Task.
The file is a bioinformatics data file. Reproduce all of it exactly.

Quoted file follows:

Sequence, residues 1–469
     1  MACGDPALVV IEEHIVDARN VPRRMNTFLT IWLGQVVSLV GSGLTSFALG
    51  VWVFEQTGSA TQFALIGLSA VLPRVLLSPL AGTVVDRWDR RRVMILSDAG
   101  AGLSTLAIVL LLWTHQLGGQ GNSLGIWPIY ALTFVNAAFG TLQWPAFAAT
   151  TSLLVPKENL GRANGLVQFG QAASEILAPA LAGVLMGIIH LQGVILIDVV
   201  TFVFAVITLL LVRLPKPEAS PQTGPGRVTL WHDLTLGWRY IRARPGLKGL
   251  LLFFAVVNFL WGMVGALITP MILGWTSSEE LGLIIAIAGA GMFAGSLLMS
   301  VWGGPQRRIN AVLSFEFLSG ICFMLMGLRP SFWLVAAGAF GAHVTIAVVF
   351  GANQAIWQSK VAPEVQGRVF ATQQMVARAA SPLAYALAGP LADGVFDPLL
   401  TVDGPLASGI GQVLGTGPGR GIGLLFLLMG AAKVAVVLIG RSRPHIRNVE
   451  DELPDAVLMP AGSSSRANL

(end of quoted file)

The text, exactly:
Sequence, residues 1–469
     1  MACGDPALVV IEEHIVDARN VPRRMNTFLT IWLGQVVSLV GSGLTSFALG
    51  VWVFEQTGSA TQFALIGLSA VLPRVLLSPL AGTVVDRWDR RRVMILSDAG
   101  AGLSTLAIVL LLWTHQLGGQ GNSLGIWPIY ALTFVNAAFG TLQWPAFAAT
   151  TSLLVPKENL GRANGLVQFG QAASEILAPA LAGVLMGIIH LQGVILIDVV
   201  TFVFAVITLL LVRLPKPEAS PQTGPGRVTL WHDLTLGWRY IRARPGLKGL
   251  LLFFAVVNFL WGMVGALITP MILGWTSSEE LGLIIAIAGA GMFAGSLLMS
   301  VWGGPQRRIN AVLSFEFLSG ICFMLMGLRP SFWLVAAGAF GAHVTIAVVF
   351  GANQAIWQSK VAPEVQGRVF ATQQMVARAA SPLAYALAGP LADGVFDPLL
   401  TVDGPLASGI GQVLGTGPGR GIGLLFLLMG AAKVAVVLIG RSRPHIRNVE
   451  DELPDAVLMP AGSSSRANL